“I’m not the religious kind.”
Revd Canon Dr Michael Green became a Christian at 16 after a fairly wild past through the personal ministry of Richard Gorrie. His faith was nourished at Clifton College and at the Iwerne Minster camps. Michael was for many years a Senior Research Fellow at Wycliffe Hall where he taught Evangelism, Apologetics and New Testament Studies. Most recently, he has been helping to grow a start-up Anglican Church in Raleigh, North Carolina. He has written many books, including The Books the Church Suppressed, and I’d Like to Believe, But…
The religious kind
“NO Pastor, go and talk to someone else. I’m afraid I’m not the religious kind.” That is very often said, and I have a lot of sympathy with it. There is something creepy and sanctimonious, something effeminate and wet about that phrase “the religious kind.” I think of business people in black suits at the funeral of one of their friends, trying to imitate “the religious kind” for half an hour, and then emerging breathless from the funeral to the open air in order to light a cigarette and return to normality. Or take two very different examples of “religion.” One comes on the radio with the daily service and a handful of singers who may sound professional and bogus; canned religion is not attractive at the best of times. The other comes in a great stadium where the evangelist is urging people to come to the front for counseling; that can seem a mere playing on the religious emotions—and “I’m not the religious kind.”
Why do we so strongly dislike “the religious kind”? Is it not because we have almost come to regard religion and hypocrisy as the same thing? There is a very long history of this. In Isaiah’s day back in the eighth century BC, men and women were offering God all kinds of sacrifices, but their hearts were far from him. In Jesus’s day, the scribes and Pharisees gained the reputation for being hypocrites. Many of them must have been absolutely genuine. Some, however, were seen to pray long prayers in order to impress; to give ostentatiously so that everyone would see how generous they were; to make a great show of their biblical knowledge in order to shame others. Piety outside and corruption in side is a revolting mixture. Jesus had to accuse some of his hearers of being just like that; they reminded him of the white sepulchers that were such a common sight on the hills, set against the deep blue of the Sea of Galilee. They looked marvelous from the outside, but inside they were foul and full of corruption and dead men’s bones.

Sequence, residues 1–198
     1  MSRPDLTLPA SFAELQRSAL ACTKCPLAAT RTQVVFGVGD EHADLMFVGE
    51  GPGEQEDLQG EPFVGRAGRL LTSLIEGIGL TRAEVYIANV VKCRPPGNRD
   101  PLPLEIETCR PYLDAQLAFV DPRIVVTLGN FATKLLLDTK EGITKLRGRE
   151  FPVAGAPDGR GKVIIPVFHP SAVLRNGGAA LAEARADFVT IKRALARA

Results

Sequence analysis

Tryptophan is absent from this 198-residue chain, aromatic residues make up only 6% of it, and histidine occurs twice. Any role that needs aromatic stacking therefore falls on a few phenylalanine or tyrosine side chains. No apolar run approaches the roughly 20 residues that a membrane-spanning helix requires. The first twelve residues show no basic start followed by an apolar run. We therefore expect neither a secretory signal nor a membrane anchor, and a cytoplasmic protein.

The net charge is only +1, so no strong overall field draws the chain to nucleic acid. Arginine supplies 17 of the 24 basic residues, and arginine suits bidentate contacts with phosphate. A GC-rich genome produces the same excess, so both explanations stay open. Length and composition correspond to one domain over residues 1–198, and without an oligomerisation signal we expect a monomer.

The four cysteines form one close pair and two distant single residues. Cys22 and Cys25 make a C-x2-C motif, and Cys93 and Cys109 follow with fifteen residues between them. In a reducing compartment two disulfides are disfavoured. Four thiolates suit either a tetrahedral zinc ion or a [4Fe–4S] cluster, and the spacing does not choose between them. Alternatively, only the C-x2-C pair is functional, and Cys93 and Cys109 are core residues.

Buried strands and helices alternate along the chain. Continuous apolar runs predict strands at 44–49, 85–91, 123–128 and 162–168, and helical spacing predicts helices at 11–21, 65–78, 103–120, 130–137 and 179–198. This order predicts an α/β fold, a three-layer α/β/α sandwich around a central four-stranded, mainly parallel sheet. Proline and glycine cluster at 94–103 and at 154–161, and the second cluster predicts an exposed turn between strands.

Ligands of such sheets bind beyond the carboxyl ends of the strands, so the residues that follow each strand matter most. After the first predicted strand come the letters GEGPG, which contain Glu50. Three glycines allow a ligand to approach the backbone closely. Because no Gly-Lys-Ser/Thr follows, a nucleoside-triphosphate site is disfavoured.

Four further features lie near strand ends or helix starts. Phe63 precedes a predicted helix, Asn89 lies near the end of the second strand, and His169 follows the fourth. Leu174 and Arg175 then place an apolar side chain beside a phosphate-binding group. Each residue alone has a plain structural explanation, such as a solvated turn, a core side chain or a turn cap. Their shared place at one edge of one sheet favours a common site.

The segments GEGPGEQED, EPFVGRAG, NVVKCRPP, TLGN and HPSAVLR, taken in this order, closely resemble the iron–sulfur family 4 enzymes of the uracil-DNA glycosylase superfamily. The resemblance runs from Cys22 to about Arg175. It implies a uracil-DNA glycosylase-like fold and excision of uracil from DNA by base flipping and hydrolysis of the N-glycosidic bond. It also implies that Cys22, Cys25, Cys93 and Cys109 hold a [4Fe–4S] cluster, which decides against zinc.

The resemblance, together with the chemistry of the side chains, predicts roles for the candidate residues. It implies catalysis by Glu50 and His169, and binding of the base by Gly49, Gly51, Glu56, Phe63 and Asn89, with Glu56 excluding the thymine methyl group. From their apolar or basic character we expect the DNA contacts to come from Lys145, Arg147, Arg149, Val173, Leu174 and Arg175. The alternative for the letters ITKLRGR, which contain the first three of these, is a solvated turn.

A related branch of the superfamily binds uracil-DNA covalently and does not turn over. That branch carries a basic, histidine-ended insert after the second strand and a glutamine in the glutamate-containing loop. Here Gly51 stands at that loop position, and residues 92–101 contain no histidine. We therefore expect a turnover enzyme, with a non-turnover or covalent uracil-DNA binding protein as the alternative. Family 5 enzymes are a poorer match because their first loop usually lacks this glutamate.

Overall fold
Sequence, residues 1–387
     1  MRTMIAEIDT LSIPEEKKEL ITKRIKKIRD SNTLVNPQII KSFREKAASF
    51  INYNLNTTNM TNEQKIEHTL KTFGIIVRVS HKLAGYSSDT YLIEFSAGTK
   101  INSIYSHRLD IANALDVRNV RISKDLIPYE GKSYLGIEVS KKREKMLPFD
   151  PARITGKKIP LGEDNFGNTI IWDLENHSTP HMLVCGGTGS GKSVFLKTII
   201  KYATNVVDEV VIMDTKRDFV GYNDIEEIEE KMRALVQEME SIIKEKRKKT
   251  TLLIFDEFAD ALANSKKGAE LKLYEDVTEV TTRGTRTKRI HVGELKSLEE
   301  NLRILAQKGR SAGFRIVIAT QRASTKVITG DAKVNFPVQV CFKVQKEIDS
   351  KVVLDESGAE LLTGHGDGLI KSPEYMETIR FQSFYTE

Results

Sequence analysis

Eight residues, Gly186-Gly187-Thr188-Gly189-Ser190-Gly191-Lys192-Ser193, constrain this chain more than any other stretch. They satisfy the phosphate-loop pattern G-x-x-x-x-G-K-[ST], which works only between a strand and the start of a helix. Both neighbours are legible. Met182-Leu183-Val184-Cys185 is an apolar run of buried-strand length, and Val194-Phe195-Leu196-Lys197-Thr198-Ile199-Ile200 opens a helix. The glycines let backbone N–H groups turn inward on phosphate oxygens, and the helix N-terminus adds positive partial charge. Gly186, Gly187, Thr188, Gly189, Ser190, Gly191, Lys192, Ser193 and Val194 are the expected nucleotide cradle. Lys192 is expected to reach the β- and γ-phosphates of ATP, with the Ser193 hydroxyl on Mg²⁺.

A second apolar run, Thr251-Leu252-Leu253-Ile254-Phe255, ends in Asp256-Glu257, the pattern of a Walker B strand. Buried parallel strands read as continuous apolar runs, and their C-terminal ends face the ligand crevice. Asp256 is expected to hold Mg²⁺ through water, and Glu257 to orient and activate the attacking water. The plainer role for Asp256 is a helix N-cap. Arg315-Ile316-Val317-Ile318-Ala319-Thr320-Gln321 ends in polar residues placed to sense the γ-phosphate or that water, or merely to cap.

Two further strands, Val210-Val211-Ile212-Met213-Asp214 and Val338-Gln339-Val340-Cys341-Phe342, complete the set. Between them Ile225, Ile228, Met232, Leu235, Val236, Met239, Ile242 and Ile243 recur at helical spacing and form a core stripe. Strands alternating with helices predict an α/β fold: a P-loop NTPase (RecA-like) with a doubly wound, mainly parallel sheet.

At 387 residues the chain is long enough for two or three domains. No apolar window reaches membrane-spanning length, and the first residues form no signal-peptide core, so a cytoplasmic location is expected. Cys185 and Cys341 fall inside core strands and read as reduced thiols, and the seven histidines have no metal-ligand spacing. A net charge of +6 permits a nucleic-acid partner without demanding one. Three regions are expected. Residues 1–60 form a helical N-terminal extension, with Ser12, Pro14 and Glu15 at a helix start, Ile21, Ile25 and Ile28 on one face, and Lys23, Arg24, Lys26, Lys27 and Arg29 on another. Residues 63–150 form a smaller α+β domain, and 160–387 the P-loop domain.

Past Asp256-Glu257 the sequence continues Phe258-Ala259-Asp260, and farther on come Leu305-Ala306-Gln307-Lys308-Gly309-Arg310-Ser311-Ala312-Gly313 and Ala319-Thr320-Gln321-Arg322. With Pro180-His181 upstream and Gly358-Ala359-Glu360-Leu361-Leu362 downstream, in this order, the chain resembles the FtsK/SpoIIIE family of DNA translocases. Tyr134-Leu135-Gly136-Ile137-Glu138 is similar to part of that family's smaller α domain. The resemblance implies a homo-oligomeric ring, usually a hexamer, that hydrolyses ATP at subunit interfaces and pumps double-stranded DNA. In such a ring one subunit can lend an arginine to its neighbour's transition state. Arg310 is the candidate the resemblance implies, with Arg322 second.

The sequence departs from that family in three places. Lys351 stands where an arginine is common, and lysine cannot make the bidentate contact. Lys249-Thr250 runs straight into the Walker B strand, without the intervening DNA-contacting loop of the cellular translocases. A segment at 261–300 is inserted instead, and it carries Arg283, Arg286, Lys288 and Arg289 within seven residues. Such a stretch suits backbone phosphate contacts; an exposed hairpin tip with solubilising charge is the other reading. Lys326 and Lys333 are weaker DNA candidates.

The link between religion and hypocrisy did not die in the first century. Think of the hypocrisy in those very religious days of the Victorian era: the immorality that flourished, the exploitation that went on alongside meticulous religious observance. And, rightly or wrongly, there are many who suspect hypocrisy in the high churchgoing figures among the middle class in America. God for an hour on Sunday maybe, but where is he on Monday? One thing I am very clear about. Many people assert very forcefully that they are not the religious kind because they hate hypocrisy, and they feel that somehow it is tied up with religion.